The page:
Charles-Henri de Pierrefeu was my mentor but he was a long way from being called a musician. He was a musical encyclopaedia. He was not interested in creating scores as he was a consultant on the songs. Through him I learnt many things about the relationship between music and the image.
In 1995, I met François Ozon who was leaving FEMIS (an internationally renowned film school) and we made two films together. At this time, I also met Patrice Chéreau, and it was then that everything fell into place. Patrice became a very important person for me, a sort of spiritual father. I then left Polygram to start creating my own music. My first scores started in 1997/1998 and they haven’t stopped since.
Would you say you are a cinephile?
In my family, we liked films but we were never obsessed with cinema. I’m quite a cinephile, I created my own cinematic culture, mostly by working with Charles-Henri de Pierrefeu. I could see films that were in pre-production, film premieres, everything. I loved the atmosphere in the editing room, at the time films were still made in 35mm.
At the same time I started using samplers, this was right at the start of electronic music. I don’t come directly from the techno scene but I found myself, a bit randomly, being signed onto the Bristolian label Cup of Tea Records. I found myself with a British band and I finally had my start in the film music industry from an electronic angle.
What film composers do you regard as your biggest source of inspiration?
I didn’t have a large background knowledge of composers but I had some fundamental shocks when I was very young, one of them was Ennio Morricone. When I ask myself questions, mostly about the eccentric side of film music, I always turn towards his work. It allows me to see music from a new point of view, with ‘fresh ears’, and look for the unexpected angle with which to tackle the scene.
Now, let’s talk a bit about Zombillemnium: did you know the comic before joining this project?
Not at all. My grandpa was a big fan of Franco-Belgian comics and I am an avid comic and graphic novel reader. I always wanted to do an animated movie and Emmanuel Deletang let me do two – A Stork’s Journey and Zombillenium, for which he was the music producer. In the winter of 2016, we bumped into each other when I was in Paris working on Cézanne et Moi. He talked to me about this film that was in production. It was there that I was able to meet the comic book creator and co-director of the film, Arthur de Pins, and Claire La Combe (the production supervisor). The animation was done in La Réunion by the production team Pipangaï. Co-director Alexis Ducord and Henri Magalon were also in attendance. The five of us had a big Skype meeting to talk about the project at hand. They had already had numerous discussions with Mat Bastard about the songs and needed an original score composer. I got along very quickly with Arthur and he gave me some of his comics which I absolutely loved, much like my 12-year-old daughter who couldn’t put them down either! I was given a few images and got to work right after Christmas 2016 and we recorded everything in March 2017. There is a lot of long distance work in animation because the production process is often off-kilter. We shared documents and had a lot of Skype meetings.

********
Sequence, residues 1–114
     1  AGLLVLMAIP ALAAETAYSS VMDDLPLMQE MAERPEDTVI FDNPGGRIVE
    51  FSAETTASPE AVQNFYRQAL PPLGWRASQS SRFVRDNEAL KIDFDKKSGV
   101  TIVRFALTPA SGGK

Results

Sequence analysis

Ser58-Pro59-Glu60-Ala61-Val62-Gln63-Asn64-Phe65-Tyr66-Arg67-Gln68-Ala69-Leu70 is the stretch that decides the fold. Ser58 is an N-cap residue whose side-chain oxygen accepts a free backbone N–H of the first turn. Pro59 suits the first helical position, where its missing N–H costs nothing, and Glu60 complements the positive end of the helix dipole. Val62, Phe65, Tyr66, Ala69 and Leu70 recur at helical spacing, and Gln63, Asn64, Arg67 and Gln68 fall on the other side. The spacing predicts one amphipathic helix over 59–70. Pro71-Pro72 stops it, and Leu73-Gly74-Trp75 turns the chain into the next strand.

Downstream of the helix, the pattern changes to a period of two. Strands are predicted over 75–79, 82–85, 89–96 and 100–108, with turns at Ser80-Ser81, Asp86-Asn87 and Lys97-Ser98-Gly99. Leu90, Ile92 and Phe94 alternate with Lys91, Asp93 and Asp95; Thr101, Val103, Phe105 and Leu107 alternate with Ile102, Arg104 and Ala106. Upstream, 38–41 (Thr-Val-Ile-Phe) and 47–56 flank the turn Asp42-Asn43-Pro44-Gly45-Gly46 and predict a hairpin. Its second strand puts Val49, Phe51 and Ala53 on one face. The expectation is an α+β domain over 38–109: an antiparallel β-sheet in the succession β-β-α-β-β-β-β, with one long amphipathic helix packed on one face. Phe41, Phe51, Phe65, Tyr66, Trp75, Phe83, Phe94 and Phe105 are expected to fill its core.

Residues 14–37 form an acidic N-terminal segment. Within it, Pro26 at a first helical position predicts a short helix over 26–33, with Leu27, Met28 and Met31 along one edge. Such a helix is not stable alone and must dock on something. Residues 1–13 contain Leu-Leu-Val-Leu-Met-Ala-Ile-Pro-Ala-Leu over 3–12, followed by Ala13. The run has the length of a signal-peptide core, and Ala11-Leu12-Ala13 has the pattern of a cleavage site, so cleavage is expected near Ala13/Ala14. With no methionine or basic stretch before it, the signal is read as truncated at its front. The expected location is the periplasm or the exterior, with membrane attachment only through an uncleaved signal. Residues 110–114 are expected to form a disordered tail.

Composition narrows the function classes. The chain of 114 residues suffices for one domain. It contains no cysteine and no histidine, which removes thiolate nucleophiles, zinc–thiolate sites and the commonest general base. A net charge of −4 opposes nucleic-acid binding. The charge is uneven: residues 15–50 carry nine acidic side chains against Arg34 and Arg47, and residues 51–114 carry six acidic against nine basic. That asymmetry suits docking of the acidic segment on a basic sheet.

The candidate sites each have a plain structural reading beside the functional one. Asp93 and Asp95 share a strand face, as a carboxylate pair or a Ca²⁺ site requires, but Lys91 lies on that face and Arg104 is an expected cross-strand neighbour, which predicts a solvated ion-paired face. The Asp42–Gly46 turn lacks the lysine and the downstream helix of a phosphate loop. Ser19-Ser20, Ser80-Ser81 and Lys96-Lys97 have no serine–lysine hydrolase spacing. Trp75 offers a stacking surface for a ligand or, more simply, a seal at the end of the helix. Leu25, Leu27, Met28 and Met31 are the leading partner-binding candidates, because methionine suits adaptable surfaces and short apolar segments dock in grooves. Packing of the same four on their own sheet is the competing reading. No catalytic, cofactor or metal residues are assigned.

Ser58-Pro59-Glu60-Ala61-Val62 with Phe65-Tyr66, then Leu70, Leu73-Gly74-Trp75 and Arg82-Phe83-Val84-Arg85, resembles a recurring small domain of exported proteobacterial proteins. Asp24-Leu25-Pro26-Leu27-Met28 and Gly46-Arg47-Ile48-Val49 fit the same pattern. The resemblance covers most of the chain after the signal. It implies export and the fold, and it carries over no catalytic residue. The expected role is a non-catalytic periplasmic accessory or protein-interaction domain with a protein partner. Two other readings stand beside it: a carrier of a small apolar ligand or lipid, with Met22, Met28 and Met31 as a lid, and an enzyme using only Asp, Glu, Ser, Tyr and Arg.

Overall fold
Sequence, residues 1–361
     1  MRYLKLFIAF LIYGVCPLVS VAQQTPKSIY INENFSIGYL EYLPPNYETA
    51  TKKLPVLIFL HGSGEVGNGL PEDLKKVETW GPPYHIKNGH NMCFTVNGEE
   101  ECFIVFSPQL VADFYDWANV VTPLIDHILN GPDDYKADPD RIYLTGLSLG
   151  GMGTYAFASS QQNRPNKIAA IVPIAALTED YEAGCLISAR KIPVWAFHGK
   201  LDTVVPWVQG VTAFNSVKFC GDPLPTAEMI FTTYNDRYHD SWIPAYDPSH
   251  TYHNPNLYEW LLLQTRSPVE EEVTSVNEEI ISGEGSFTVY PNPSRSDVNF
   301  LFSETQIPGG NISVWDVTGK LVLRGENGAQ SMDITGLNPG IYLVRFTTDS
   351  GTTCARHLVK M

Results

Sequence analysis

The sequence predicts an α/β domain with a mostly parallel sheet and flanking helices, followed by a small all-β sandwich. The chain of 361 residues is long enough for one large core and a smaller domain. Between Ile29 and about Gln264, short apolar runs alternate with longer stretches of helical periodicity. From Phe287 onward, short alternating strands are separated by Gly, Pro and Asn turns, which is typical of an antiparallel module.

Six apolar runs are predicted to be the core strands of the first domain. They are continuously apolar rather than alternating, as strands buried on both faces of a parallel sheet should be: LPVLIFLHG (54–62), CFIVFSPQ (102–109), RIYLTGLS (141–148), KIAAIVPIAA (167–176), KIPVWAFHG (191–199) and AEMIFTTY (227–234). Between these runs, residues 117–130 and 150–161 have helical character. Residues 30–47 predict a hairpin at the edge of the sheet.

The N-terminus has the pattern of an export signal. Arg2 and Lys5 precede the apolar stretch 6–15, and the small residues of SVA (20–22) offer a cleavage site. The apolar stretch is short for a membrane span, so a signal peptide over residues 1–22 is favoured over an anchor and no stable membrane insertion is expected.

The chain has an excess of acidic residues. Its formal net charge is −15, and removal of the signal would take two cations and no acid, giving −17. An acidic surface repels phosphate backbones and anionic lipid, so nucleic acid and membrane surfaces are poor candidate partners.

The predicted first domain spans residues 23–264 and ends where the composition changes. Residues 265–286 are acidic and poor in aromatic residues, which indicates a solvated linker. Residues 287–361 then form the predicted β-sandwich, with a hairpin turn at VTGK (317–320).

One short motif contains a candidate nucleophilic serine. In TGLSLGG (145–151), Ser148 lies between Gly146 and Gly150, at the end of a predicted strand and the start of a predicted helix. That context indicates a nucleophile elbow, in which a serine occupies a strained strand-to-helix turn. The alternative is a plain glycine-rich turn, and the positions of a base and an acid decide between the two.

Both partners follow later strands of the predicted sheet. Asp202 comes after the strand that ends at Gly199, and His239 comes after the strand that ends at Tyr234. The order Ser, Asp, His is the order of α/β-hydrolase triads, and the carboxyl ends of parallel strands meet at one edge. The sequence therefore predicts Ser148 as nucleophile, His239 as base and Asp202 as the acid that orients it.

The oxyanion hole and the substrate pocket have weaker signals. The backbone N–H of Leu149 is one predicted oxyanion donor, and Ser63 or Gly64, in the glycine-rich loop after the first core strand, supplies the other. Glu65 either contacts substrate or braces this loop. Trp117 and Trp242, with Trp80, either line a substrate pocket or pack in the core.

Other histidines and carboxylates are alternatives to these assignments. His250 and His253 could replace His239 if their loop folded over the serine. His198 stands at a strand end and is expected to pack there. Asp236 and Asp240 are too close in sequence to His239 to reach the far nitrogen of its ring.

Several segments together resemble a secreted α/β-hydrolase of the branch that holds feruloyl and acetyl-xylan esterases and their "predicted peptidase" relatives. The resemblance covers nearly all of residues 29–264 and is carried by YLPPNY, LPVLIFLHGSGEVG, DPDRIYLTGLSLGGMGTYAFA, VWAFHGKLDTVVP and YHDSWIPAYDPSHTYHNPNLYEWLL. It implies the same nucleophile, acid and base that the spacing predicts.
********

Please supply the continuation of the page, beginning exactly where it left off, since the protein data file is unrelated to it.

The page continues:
How do you really work on an animated movie? You had images but did you any have animated sequences?
I was shown summative scenes with rather basic sounds. The real difference between live action and animation films is that in animation, there is no real sound besides the voices.
With a traditional feature film, I work a lot with direct sounds. I like music to find its place in the sound spectrum of the film. In animation, the sound spectrum is very empty before the sound editors arrive. We sometimes have the impression that we have to fill in every silence because there is nothing else there, but that’s the real trap, overfilling. Through A Stork’s Journey and Zombillenium, I learnt not to overcompensate on creating the sounds that weren’t there.
The amount of music in this film is indeed, pretty substantial.